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J Exp Med. 2000 Jan 17;191(2):253-64.

The role of apoptosis in the regulation of hematopoietic stem cells: Overexpression of Bcl-2 increases both their number and repopulation potential.

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Department of Pathology and Developmental Biology, Stanford University School of Medicine, Stanford, California 94305-5428, USA.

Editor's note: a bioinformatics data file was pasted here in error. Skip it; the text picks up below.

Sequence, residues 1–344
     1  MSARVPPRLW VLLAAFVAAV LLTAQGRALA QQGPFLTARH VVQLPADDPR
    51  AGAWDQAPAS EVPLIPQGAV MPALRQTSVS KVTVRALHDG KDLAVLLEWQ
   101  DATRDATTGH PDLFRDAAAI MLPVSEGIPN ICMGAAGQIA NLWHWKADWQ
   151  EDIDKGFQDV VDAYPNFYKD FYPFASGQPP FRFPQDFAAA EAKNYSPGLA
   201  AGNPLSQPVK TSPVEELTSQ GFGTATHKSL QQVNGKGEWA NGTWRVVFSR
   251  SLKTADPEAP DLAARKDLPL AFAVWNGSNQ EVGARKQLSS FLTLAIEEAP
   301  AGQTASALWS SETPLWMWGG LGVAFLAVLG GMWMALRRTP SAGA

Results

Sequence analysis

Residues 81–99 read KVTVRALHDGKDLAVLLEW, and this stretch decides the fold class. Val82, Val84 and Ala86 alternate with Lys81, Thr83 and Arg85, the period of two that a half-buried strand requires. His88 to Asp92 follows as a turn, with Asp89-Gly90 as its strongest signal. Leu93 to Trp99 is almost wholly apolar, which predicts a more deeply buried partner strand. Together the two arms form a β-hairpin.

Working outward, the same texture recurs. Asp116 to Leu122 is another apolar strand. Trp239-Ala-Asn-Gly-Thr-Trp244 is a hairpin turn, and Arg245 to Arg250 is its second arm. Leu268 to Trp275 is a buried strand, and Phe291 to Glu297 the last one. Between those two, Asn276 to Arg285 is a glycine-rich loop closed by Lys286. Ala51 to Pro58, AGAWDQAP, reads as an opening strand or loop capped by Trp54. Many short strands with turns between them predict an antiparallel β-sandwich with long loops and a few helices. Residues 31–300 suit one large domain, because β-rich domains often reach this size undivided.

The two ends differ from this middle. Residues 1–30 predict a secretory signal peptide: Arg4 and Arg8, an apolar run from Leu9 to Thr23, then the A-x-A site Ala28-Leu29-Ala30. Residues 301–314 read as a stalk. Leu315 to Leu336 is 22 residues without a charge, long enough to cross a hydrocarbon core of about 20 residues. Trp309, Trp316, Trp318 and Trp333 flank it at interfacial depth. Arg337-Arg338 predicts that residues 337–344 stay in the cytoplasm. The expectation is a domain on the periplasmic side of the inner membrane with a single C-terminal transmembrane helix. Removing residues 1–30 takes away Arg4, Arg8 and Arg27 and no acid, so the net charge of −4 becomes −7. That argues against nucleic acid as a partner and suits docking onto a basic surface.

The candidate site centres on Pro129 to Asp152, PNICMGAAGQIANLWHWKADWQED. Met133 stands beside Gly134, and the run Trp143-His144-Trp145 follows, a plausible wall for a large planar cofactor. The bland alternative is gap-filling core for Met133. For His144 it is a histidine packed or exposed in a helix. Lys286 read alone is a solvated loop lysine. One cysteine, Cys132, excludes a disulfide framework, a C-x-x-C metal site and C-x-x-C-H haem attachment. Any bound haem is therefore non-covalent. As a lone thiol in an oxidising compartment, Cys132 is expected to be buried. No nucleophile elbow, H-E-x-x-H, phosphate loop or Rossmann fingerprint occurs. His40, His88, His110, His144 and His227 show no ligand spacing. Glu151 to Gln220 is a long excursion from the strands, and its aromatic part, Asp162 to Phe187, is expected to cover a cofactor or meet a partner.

Hematopoietic stem cells (HSC) give rise to cells of all hematopoietic lineages, many of which are short lived. HSC face developmental choices: self-renewal (remain an HSC with long-term multilineage repopulating potential) or differentiation (become an HSC with short-term multilineage repopulating potential and, eventually, a mature cell). There is a large overcapacity of differentiating hematopoietic cells and apoptosis plays a role in regulating their numbers. It is not clear whether apoptosis plays a direct role in regulating HSC numbers. To address this, we have employed a transgenic mouse model that overexpresses BCL-2 in all hematopoietic cells, including HSC: H2K-BCL-2. Cells from H2K-BCL-2 mice have been shown to be protected against a wide variety of apoptosis-inducing challenges. This block in apoptosis affects their HSC compartment. H2K-BCL-2-transgenic mice have increased numbers of HSC in bone marrow (2.4x wild type), but fewer of these cells are in the S/G(2)/M phases of the cell cycle (0.6x wild type). Their HSC have an increased plating efficiency in vitro, engraft at least as well as wild-type HSC in vivo, and have an advantage following competitive reconstitution with wild-type HSC.

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